[Full-disclosure] [xssworm.com] Alert : XSS Worms - Cross-Site Scripting and Web 2.0 Application Security Blog
- From: "XSS Worm XSS Security Information Portal" <xssworm@xxxxxxxxx>
- Date: Sat, 27 Oct 2007 11:11:56 +1000
Greetings To All
We are proud to announce the grand-opening of XSS Worm : Cross Site
Scripting Attacks ™ - http://www.xssworm.com/ - Cross Site Scripting Attacks
: the new site for discussion of XSS (also known as CSS (not to be confused
with Cascading Style Sheets (also sometimes referred to as CSS))
vulnerabilities) security issues in web-enabled networks and dynamic
XSS - a word commonly used by modern security experts to categorize a wide
range of emerging web-enabled security threats. This unpronounceable word
was once said to derive from the common term "Cross Site Scripting" (the
leading X in this instance perhaps alluding to the Cross of the popular
novel.) Yes friends our Web sites are being more complicated from day to
day; and the web sites which has been produced by html is decreasing on the
net. The popular ones are php;asp;jsp and other technologies and with this
increasing the attacks are being more dangerous.
It's very common and unfortunately still an issue we have to deal with in
many web-aware applications. Internally the XSS WORM Team has been working
on several XSS Security projects to help mitigate and fix these security
issues, as well as to detect them in the code sources that are available
online so that they can be fixed a worm is developed.
According to a new study, up to over *90% of all (100%) web sites* may be
vulnerable to some form of security attack.
Prominent Jeremiah Grossman of WhiteHat Security (whitehat.com) — the Web
applications security founded by vulnerability scanning whiz Jeremiah
Grossman — concludes that as many as 90 percent of all the sites that it has
tested in the last year remain open to some form of hijack or infection.
The leading problem remains many sites' vulnerability to cross-site
scripting (XSS) hacks, through which attackers place malicious code on
legitimate sites to trick end users into handing over their personal
information or passwords.
As many as 75 percent of the pages scanned by WhiteHat had some form of
XSS-exploitable flaw, according to the paper. But it's not only XSS Worms
that application developers have to be conerned about - according to
Whitehat, Cross Request Forgery attacks are emerging as the "new .. [xss] "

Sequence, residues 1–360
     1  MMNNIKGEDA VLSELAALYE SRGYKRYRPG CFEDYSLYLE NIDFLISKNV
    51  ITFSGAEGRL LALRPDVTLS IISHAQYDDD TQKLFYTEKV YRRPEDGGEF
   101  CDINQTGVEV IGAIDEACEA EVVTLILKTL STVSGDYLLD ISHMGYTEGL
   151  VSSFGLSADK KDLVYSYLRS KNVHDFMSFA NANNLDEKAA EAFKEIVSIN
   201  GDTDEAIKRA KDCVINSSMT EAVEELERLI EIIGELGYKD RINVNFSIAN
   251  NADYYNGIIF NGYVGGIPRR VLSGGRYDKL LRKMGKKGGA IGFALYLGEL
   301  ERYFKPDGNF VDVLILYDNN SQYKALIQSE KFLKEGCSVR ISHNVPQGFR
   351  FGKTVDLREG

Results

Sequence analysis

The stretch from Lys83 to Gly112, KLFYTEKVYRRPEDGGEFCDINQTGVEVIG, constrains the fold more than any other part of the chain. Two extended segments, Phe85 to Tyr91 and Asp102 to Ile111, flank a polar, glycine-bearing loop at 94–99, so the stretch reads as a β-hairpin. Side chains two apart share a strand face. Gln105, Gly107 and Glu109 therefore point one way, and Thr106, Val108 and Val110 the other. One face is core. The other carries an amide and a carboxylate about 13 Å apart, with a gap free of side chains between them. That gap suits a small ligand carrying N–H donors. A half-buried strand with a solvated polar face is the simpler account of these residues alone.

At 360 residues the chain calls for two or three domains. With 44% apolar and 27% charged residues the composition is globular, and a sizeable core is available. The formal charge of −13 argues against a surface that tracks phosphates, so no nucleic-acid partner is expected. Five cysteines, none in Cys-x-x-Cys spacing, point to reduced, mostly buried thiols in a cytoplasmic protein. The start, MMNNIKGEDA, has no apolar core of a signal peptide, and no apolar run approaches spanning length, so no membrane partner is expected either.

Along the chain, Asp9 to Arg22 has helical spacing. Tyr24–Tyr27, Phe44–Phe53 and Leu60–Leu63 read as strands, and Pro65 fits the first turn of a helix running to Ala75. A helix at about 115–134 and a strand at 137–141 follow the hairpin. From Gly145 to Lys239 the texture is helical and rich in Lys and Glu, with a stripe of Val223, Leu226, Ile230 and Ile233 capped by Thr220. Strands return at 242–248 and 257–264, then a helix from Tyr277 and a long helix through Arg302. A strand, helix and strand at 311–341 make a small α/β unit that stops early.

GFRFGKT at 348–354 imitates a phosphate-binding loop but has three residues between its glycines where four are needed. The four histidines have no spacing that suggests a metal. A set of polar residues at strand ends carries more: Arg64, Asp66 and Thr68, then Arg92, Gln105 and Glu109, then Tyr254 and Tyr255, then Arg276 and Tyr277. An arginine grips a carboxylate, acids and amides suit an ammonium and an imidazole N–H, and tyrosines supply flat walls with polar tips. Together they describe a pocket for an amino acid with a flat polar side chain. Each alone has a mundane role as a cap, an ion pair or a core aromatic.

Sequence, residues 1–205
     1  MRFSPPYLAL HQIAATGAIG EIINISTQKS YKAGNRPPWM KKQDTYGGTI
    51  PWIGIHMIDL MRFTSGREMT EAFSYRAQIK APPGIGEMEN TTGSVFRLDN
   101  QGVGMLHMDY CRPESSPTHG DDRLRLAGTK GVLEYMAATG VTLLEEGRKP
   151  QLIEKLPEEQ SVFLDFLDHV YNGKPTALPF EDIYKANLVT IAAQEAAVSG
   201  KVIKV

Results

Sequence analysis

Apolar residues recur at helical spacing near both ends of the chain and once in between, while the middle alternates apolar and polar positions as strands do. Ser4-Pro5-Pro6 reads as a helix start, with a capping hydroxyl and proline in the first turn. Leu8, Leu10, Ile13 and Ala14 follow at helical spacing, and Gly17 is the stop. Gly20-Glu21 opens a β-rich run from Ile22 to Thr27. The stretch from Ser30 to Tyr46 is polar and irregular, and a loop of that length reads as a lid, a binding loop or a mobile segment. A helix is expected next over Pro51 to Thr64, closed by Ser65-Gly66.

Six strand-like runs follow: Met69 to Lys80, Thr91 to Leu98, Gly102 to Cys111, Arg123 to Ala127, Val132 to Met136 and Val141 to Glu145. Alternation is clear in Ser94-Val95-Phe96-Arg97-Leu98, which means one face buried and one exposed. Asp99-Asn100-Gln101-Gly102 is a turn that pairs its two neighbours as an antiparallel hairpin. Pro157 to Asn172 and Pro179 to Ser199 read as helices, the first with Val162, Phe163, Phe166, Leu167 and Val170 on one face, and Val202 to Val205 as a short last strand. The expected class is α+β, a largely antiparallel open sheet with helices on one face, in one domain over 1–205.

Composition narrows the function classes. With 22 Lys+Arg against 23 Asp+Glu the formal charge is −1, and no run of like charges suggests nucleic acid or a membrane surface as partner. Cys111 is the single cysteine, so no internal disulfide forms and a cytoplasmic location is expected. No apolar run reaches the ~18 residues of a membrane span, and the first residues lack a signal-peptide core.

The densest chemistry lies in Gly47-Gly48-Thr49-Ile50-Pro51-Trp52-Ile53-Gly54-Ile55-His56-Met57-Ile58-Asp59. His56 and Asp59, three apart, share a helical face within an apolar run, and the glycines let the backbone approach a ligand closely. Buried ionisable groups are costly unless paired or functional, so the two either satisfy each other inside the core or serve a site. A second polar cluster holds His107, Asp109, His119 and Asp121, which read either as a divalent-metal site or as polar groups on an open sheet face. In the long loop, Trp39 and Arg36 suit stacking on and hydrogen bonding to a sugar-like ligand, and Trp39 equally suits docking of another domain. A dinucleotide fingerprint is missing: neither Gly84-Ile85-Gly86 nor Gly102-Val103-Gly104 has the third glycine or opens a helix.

and hackers are scrambling to update their virus engines.
"The best way to think about Response Splitting is that it's executed
similarly to Cross-Site Scripting (XSS) … *but more powerful*." -- Jeremiah
As in the rest of the online world, however, WhiteHat contends that XSS
threats top the list of vulnerability classes by vertical, followed closely
by Information Leakage.
"These statistics continue to reveal recurring and emerging issues that are
affecting Web sites across industries," said Grossman, who wears the title
of CTO at WhiteHat. "As increasing amounts of sensitive data are stored
online, WhiteHat remains vigilant about alerting companies to common attack
methods and emphasizing the importance of Web site vulnerability management
as part of their overall security posture."
The original security article source can be located at
This is our introduction for the newest premium security information service
XSSworm.com : cross-site scripting attacks - we will be posting news and
updates on these topics and we welcome all of your comments on the topics of
Web 2.0 Security, Cross-Site Scripting, XSS Worms, XSRF Worms, Digg and
Social Networking worms, Youtube worms, Facebook worms, Web 2.0 Security and
XML and so much more.
Please pay our XSS page a visit and leave your comments! - only the most
relevant XSS security news and tools and comments only - no spam please your
blackhat SEO <http://xssworm.com/?&seo=blackhat> tricks is not welcome here.
This email has been cross-posted for discussion on our XSS Security
Discussion Forum board: http://tiniuri.com/f/n7 - replies welcome on list or
on site. Thanks.
The XSSWorm . Com Security Team.
CSS Security Researcher -- XSSworm.com
Aim: XSS Cross Site
http://www.XSSworm.com - Cross Site Scripting Attacks
Web 2.0 Application Security Information Blog 2007 <http://xssworm.com>
"Vaj, bella vaj."
Full-Disclosure - We believe in it.
Hosted and sponsored by Secunia - http://secunia.com/
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